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NORFOLK, VA – July 5, 2024 - In This Norfolk law firm represented Maryland after container ship destroyed Key Bridge The Virginian-Pilot features the story of the work done by Maritime and Admiralty Law Section attorneys and Willcox Savage Members, Christopher A. Abel and David H. Sump while serving as emergency outside counsel to the Office of the Attorney General in Maryland following the collapse of the Francis Scott Key Bridge following a collision with container ship MV Dali on March 26, 2024. See full article.

[EXCERPT]  When the container ship Dali destroyed the Francis Scott Key Bridge in Baltimore on March 26, the bridge’s owner — the state of Maryland — needed emergency legal representation.

The next day, state officials asked a Hampton Roads law firm to help out.

Chris Abel and David Sump — maritime attorneys with the Norfolk law firm Willcox & Savage — had been representing Maryland for more than a year in the case of a barge that crashed into a state-owned bridge on Maryland’s Eastern Shore.

The Dali’s crash into Baltimore’s Key Bridge was far more spectacular in scale — with exponentially more money at stake. But “at a very basic level,” Abel said, both accidents involved vessels crashing into state bridges, with the same 19th century maritime law at issue.

The Norfolk law partners — former Coast Guard officers who met at the Coast Guard Academy in 1975 — quickly agreed to take on the Maryland work.

“It’s always exciting where you read about something in the paper and then the phone rings,” Abel said. “Everyone in America, or probably in the world, knew that this tragedy happened when they woke up the morning of March 26. The fact that within a day or so we were getting a call and an opportunity to have a role, that was kind of exciting.”

Starting in early April and running through most of May, Abel, 66, of York County, and Sump, 67, of Chesapeake — together with a younger Willcox & Savage lawyer named Michael Collett — spent “hundreds” of hours representing Maryland in the Key Bridge case.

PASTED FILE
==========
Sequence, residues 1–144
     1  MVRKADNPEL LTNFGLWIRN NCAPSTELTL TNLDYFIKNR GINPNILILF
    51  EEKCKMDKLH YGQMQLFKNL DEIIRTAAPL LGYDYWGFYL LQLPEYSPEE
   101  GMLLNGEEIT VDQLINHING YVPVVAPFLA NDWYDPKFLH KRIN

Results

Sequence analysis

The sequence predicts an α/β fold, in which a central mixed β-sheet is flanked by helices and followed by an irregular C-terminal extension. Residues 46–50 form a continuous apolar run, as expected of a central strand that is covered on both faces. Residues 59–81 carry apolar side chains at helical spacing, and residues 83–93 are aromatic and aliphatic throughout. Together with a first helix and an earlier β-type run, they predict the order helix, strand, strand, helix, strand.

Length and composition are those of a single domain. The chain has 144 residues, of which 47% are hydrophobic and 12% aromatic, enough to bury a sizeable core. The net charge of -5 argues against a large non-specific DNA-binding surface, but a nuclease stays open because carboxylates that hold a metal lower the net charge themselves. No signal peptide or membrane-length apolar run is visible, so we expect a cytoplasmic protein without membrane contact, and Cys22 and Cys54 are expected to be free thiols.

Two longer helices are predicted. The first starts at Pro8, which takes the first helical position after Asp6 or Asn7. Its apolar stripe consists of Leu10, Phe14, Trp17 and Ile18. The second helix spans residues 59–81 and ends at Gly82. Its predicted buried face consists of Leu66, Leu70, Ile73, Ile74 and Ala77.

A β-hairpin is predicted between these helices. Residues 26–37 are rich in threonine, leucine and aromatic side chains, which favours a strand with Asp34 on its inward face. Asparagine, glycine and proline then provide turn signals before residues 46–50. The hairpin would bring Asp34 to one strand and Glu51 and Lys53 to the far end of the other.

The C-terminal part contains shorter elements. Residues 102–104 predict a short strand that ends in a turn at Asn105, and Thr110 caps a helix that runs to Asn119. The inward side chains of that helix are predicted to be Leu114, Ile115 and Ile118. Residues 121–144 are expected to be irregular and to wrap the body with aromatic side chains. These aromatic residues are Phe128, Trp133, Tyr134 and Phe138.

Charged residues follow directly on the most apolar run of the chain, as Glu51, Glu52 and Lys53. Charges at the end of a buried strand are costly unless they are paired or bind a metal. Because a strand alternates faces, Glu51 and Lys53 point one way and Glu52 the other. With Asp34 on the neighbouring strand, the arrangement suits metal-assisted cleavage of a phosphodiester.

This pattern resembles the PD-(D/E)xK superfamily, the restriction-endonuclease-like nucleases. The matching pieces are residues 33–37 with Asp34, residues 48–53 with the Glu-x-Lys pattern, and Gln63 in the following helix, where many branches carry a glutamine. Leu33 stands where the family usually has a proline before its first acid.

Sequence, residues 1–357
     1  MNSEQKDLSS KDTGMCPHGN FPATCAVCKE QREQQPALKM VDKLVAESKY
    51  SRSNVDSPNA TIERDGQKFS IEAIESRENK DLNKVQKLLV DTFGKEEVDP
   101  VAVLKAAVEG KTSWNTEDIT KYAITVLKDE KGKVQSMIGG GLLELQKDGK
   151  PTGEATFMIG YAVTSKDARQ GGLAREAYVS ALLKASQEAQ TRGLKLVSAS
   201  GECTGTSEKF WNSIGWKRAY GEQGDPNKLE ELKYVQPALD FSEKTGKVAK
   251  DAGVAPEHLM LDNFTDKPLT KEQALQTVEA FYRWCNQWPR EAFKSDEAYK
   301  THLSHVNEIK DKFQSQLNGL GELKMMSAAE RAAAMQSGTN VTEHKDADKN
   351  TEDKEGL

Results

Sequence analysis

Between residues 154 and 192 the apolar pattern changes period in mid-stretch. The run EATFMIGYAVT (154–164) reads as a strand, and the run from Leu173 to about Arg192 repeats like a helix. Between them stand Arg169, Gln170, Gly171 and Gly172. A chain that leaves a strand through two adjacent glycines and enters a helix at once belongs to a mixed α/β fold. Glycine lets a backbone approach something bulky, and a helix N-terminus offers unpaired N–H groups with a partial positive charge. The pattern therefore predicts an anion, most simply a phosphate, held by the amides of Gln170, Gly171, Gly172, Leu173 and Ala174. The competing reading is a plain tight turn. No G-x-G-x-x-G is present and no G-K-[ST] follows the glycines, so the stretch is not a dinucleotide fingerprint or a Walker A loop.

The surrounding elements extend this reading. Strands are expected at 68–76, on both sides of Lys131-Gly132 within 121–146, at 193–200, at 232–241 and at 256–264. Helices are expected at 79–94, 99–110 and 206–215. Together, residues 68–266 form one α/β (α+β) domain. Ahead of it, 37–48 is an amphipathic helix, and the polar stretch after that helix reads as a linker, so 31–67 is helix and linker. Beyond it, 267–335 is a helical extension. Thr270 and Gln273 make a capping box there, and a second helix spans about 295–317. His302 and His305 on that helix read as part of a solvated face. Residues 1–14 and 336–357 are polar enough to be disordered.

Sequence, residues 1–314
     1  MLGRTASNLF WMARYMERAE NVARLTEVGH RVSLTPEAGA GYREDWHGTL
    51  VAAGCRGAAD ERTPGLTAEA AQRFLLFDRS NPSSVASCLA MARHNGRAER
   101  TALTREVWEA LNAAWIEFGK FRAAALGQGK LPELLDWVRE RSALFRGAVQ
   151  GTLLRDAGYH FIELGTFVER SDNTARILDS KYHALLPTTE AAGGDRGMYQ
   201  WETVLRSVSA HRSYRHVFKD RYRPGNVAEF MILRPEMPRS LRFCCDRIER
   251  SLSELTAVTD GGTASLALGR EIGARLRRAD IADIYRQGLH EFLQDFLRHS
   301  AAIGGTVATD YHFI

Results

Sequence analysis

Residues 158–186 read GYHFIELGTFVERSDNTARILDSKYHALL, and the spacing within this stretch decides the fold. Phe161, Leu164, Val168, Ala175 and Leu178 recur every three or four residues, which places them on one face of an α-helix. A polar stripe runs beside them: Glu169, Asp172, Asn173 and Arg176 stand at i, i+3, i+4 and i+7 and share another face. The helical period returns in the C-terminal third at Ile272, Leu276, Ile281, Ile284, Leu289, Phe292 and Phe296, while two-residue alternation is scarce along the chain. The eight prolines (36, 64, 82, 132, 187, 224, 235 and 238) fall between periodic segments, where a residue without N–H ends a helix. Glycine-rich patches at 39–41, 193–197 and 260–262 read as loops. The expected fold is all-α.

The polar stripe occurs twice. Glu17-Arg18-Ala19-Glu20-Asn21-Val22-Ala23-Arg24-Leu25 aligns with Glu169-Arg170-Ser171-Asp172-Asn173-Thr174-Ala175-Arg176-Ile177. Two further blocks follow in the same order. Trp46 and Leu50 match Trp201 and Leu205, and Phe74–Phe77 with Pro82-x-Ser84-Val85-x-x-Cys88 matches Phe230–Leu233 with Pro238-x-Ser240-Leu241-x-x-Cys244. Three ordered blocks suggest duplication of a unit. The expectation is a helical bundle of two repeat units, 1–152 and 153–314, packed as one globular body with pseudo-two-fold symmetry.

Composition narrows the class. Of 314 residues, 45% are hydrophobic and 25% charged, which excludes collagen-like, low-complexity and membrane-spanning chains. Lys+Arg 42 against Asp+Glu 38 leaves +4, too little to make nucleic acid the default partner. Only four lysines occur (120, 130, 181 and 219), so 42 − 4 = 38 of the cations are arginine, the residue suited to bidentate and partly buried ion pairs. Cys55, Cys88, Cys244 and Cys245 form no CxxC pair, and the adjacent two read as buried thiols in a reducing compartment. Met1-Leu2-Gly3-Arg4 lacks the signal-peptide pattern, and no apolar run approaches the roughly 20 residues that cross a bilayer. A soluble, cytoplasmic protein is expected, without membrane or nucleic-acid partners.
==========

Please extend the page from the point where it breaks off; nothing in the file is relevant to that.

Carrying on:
“Our job in the early going was to represent the state’s interest,” Abel said. “To advise the state of its legal rights and options.”

According to a preliminary report from the National Transportation Safety Board, a crewman on the Dali accidentally tripped an electrical circuit breaker on the ship on March 26 — causing the 984-foot container ship to lose power and crash into the Key Bridge’s support structure.

Only five days after the bridge’s collapse, the Dali’s owner and operator — Singapore-based Grace Ocean Private Ltd. and the Synergy Marine Group — filed a petition in U.S. District Court in Baltimore to limit their legal exposure.

They did so under the Shipowner’s Limitation of Liability Act, an 1851 law that caps a ship owner’s liability from a disaster to the total value of the ship and its cargo after the accident.

If a ship is destroyed, for example, the ship owner would have no liability at all. In its court filing in the Key Bridge case, Grace and Synergy pegged the value of the ship at $90 million before the collision and $43 million afterward.

“If you’re Grace Ocean and if you’re Synergy, you’re certainly hoping that you get to make that stick, because their exposure would never be greater than that $43 million,” Abel said. “And obviously you’ve got a bunch of folks fighting for it.”

But Maryland and other claimants are expected to challenge Grace Ocean’s and Synergy’s right to limit its liability under the 1851 law...



ABOUT Christopher A. Abel

Chris leads the firm’s Maritime Section. His work in the realm of admiralty and maritime law has involved work in virtually every aspect of commercial life along the waterfront and well out to sea, to include serving as lead counsel for numerous complex marine casualty and environmental litigation cases, handling a wide variety of cargo, terminal, marina, shipyard, and maritime contract transactions and disputes, resolving Coast Guard regulatory and mariner licensure issues, working the spectrum of vessel charter, documentation, marine insurance, and fleet operation challenges, addressing a number of unique marine employment issues, and representing a range of clients in various vessel arrest, attachment and limitation of liability actions. Prior to entering private law practice in 1995, Chris served for sixteen years as a commissioned officer and law specialist in the United States Coast Guard, eventually reaching the rank of Commander. 


ABOUT David H. Sump

David represents clients on a wide variety of maritime interests, including admiralty and maritime law and maritime pollution law. He is acknowledged as one of the leading attorneys in marine pollution and riparian rights and is experienced in state and federal procurement/contract claims and protests. David has represented a variety of maritime clients in civilian practice for the past 20 years, concentrating in the area of prosecution and defense of various property damage claims, vessel collision and grounding claims, marine personal injury and wrongful death claims, as well as addressing issues involving maritime construction and marine contracts. Prior to entering private practice, David served for fourteen years as a commissioned officer and law specialist in the United States Coast Guard, eventually reaching the rank of Lieutenant Commander.

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